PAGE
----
So, I mean, I like to just know a little bit about how you got there because I in my personal opinion, when I think about the healthcare, industry and insurance of any kind, and you call you say, assurance, which I think is cool spin and I just think of it as such a it’s an old system that has been around for a while done a certain way and how like, I’m curious how you got to the point of actually thinking about tackling this thing and doing something different.

Shane Foss 06:11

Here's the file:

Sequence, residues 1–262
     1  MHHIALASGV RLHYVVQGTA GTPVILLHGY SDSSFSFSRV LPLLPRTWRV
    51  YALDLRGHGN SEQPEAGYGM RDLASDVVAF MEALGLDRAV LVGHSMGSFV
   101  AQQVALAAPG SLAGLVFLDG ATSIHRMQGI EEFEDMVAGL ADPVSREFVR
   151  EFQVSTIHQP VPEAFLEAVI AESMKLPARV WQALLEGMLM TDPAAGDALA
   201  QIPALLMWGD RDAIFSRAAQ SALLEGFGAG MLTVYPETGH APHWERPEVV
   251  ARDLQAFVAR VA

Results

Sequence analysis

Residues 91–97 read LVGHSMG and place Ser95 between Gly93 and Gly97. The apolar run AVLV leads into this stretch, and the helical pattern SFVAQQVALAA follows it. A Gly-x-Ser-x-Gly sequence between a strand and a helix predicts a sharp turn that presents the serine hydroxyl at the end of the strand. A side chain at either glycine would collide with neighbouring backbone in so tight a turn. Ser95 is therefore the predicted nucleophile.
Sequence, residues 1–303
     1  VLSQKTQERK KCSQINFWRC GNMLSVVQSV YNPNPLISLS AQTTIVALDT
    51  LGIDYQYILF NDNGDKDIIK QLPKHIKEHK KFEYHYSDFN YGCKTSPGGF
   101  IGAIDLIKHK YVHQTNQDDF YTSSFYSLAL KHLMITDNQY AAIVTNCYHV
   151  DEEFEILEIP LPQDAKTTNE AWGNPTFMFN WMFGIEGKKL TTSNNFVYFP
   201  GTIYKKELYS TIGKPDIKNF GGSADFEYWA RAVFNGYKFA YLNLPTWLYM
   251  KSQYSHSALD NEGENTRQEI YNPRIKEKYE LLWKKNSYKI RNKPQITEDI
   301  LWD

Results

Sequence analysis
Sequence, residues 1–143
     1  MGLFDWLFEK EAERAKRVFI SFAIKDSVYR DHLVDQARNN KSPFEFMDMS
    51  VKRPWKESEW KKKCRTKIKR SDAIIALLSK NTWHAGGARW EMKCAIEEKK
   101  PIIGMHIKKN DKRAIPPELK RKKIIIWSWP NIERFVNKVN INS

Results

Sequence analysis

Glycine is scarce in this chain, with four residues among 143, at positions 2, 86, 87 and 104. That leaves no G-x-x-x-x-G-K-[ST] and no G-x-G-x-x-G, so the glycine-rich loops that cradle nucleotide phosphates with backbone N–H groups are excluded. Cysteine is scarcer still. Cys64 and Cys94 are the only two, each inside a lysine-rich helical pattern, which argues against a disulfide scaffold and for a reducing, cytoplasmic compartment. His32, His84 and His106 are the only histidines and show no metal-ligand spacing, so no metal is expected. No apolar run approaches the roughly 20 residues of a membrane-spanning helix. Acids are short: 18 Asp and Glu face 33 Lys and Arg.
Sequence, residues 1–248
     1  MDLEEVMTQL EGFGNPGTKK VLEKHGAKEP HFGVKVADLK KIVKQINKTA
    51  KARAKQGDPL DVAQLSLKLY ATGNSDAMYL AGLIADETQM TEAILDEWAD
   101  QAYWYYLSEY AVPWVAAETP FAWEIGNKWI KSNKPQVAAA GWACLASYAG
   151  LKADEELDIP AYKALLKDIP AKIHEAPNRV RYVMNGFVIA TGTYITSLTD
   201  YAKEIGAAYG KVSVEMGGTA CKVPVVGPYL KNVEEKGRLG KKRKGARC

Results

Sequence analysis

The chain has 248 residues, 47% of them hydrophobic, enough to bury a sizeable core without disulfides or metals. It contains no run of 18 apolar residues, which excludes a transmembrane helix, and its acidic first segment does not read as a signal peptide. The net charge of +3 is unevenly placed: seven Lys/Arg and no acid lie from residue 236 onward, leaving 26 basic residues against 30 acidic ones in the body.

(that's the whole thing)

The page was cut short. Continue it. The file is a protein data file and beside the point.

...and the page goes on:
So, my background, really, I wasn’t in health insurance. I was from a been in health care in medical device. So as worked with a large, large medical device, orthopedic metal, medical device manufacturers running sales organizations for them. And I’ve always loved healthcare. My wife’s an anesthesiologist. We volunteer every year for medical mission work down in Guatemala, and so it’s, I love healthcare. I was introduced to health insurance after I joined a startup, I guess it was probably about six years ago now five or six years ago, and I just fell in love with the health insurance space because I saw all of this opportunity and I think as an entrepreneur, you you see the process problem, then you’re wondering why people aren’t addressing it. And then so you come up with a solution. And then you build your, your product based on that. And so I’m the founder or co founder of ways I listened to him talk a couple months ago, and we were in this meeting together. And, and he said something that was very profound, it said, Love the problem, not the solution. And so, you know, so what that means is, you know, you got to have a problem that makes sense that needs to get addressed, right? And then you got to fall in love with the problem, not your solution, right? Because that solution, just like for us, you know, it evolves it’s an evolution, right, the, the product you start with, is not what you’re gonna end up with, and it may not be what’s successful. And so, you know, it’s really interesting. I think that being an entrepreneur is, is a huge blessing in the sense that you get To get to go to work today every day and not know what it looks like, right? I mean, there’s something new that happens every day that you didn’t know was going to happen. And so, you know, in preparation for that I, you know, I worked for some great companies, you know, one of them was Stryker orthopedics that really, really gave me the foundation in a business standpoint, to do what I’m doing today. And, and so it gave me the confidence to do what I’m doing today. And so, you know, as other entrepreneurs are out there, getting ready to identify that that problem and build a solution, you know, it’s it’s a daunting task, but if you’ve got the foundation, it’s great.